Written by Jonathan Davis

December 11, 2011 at 6:58 PM

Climbing The Great Wall of Worry (Again)

The Spectator recently asked me to contribute an article on China for its investment section.  You can read it here, with some subsequent comments of my own at the end.

One tried and tested rule in investment is that the bigger and more widely shared the worry, the less likely it is that the concern will be realised. Remember Y2K and the Sars epidemic? Both produced warnings of apocalyptic disaster on a global scale. Neither turned out to be anything like the threat in reality that doomsters had originally predicted.

Contrast that with the sub-prime banking crisis, whose dimensions only became popularly apparent some time after the crisis had already broken. In the years when investors should have been worrying about the uncontrolled lending habits of the biggest banks, most were too busy loading up on anything they could buy with cheap credit to take any notice of the impending disaster that their own insouciance was helping to bring about.

On this measure, if nothing else, investors considering putting their money into Chinese shares today should not have much to worry about. In the media, and in dealing rooms around the world, whether China’s economy is overheating and the Chinese stock market moving into “bubble” territory have been popular topics for months. Industry data shows that foreign investors have been pouring money into funds that invest in China for some time, reinforcing the increasing involvement of domestic Chinese investors.

The amount invested in China funds doubled in the course of 2009, driving the Chinese stock market higher, and prompting concerns that it could crash for a second time, just as it did in 2007-08, when the Shanghai Composite Index fell by 70% in 12 months. Market pundits such as Jim Chanos, a New York hedge fund manager, and economist Nouriel Roubini, both notable for being among the few to predict the global financial crisis, have lent their support to the proposition that China could be the next big stock market “bubble”.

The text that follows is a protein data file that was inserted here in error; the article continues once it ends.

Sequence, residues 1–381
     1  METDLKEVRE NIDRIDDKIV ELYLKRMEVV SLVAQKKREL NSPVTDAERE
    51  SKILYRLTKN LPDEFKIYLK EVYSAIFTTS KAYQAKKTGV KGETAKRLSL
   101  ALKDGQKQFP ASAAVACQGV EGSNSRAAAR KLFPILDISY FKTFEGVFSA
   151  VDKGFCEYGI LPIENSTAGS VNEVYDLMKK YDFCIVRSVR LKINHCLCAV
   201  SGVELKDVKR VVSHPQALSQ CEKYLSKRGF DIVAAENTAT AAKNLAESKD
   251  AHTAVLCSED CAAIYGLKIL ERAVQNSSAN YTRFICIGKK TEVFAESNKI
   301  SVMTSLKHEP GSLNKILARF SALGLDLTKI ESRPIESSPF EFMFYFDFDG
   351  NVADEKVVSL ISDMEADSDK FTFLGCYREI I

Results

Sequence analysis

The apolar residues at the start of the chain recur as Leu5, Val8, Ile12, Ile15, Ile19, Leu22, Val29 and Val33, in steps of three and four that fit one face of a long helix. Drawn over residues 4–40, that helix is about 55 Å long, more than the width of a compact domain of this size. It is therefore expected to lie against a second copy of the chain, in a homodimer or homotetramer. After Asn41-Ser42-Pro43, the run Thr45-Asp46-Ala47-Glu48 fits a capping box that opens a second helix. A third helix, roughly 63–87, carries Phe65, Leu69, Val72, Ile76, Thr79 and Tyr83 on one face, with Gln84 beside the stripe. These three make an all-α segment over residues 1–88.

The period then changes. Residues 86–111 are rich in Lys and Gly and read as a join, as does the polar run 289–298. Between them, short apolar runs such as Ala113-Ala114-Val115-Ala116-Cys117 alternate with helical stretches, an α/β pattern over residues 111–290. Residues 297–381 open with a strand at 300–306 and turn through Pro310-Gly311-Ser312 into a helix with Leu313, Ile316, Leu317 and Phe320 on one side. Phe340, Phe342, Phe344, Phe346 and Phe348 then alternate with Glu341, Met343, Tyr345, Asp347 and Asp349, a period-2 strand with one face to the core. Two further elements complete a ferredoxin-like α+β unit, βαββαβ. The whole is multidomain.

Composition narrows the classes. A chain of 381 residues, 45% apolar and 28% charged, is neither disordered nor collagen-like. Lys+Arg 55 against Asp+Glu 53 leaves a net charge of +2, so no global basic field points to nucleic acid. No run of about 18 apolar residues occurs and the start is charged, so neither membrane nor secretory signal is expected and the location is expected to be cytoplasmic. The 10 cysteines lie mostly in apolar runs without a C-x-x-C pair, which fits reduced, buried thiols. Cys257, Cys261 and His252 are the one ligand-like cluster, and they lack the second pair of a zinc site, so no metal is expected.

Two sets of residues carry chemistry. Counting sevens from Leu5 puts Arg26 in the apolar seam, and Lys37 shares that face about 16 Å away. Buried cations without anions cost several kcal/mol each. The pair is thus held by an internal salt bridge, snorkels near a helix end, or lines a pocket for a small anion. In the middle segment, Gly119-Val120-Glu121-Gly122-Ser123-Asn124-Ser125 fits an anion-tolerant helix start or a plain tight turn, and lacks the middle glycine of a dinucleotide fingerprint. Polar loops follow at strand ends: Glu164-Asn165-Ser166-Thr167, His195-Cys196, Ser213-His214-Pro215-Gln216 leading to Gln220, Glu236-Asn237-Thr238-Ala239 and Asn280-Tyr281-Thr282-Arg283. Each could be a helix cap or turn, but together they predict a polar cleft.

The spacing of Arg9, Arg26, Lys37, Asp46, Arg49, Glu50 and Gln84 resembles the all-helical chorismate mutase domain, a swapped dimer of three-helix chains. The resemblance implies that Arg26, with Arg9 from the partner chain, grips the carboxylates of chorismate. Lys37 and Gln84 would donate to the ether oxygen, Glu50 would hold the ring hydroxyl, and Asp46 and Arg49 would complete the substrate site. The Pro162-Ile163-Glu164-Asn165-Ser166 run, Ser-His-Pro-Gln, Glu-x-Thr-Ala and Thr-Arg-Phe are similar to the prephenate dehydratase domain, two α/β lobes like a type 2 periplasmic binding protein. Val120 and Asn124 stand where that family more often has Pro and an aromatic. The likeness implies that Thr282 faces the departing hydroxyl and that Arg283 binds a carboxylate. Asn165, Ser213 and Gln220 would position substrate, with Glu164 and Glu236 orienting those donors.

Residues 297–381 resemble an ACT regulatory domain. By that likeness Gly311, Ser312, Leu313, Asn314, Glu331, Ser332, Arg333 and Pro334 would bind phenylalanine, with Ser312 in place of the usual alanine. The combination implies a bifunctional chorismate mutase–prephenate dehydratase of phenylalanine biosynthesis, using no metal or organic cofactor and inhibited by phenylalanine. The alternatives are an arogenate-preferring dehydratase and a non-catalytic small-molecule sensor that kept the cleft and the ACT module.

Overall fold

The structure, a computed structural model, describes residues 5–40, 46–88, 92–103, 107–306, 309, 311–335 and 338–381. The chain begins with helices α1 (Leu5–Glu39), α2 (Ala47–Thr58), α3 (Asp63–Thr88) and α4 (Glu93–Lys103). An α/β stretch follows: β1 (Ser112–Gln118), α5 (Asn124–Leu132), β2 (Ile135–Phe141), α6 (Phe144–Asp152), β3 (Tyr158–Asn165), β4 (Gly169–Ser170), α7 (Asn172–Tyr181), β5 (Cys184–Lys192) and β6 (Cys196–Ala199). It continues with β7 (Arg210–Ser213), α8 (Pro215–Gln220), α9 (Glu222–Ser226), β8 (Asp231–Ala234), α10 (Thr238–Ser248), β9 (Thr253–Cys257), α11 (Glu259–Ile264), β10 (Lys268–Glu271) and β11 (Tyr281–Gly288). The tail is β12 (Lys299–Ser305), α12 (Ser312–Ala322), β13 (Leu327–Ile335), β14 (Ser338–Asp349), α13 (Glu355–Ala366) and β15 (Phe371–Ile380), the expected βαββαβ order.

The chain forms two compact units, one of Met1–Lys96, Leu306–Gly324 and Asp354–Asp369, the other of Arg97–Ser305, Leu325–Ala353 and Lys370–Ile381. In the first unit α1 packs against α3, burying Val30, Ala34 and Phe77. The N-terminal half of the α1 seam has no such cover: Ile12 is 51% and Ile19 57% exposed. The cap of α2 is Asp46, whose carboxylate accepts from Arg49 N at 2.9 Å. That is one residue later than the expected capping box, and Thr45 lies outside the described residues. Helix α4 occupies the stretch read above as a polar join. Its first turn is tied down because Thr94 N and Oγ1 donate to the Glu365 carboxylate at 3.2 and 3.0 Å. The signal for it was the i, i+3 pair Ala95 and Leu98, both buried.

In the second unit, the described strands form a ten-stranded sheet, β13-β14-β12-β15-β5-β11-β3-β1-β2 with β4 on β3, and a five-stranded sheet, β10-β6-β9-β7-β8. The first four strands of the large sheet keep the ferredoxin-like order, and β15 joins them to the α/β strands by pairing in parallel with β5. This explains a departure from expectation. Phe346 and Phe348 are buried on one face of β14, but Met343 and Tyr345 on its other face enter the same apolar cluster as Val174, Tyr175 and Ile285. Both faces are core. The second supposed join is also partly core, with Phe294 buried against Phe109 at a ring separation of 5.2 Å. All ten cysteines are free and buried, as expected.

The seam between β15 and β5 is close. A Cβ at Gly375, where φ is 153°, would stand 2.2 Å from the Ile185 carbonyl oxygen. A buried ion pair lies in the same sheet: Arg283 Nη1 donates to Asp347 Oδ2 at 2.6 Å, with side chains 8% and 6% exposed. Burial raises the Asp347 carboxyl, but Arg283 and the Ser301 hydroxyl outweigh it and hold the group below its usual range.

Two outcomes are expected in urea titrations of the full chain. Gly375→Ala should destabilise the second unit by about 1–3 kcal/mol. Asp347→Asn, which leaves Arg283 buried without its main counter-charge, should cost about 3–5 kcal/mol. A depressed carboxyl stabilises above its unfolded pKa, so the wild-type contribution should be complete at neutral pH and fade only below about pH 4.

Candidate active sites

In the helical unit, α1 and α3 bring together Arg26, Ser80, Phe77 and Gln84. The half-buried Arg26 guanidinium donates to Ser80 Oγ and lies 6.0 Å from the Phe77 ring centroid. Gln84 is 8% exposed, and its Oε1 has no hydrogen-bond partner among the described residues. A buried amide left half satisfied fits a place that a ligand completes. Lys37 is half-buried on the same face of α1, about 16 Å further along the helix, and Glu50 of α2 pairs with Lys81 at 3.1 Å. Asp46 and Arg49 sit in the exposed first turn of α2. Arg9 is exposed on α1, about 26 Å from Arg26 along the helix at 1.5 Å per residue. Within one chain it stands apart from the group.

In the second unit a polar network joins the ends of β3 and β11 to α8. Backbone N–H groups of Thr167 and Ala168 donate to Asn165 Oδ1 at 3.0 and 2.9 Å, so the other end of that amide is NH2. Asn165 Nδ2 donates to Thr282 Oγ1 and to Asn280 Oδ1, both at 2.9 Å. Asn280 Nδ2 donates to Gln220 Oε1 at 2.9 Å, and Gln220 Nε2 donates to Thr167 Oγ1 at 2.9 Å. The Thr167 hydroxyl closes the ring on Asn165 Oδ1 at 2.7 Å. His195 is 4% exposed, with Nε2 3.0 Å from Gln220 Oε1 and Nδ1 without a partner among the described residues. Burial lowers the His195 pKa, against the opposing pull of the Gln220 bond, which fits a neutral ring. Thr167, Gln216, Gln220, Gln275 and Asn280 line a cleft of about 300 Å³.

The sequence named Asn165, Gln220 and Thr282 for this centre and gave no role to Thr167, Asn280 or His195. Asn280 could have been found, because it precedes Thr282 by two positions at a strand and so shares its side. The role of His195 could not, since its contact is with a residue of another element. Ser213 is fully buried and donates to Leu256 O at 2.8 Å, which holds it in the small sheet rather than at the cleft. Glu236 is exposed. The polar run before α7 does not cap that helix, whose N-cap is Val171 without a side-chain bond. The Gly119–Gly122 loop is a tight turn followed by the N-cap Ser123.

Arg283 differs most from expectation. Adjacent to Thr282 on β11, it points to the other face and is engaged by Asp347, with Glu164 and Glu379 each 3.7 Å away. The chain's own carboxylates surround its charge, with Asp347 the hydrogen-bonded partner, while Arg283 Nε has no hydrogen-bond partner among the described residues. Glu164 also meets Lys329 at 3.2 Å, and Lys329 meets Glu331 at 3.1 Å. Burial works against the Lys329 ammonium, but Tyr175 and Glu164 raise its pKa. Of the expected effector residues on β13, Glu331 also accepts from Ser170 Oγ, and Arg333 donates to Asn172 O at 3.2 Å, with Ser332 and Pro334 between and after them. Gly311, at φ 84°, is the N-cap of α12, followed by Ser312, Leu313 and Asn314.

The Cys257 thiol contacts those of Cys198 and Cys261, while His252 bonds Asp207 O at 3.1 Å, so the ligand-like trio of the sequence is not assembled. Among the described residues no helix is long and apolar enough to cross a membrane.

On the other side of the argument are those, such as Jim Rogers, co-founder of the Quantum fund, or Jim O’Neill of Goldman Sachs, who argue that what the world is witnessing in China is a spectacular change in economic status that offers investors opportunities on the same scale as, say, the United States in the late 19th/early 20th century. Those who focus on the short term risks –corruption and cronyism, the lack of transparency, dodgy accounting, intrusive government – are, they say, simply missing the point.

After 30 years of rapid growth, the Chinese economy is poised to overtake Japan this year as the second largest economy in the world, and in two decades or so is likely to catch and overtake the United States as well. While there is no guarantee that economic growth will produce correspondingly high returns for investors, a point that is reinforced by numerous historical studies, it does not mean there won’t be many moneymaking opportunities in the years ahead.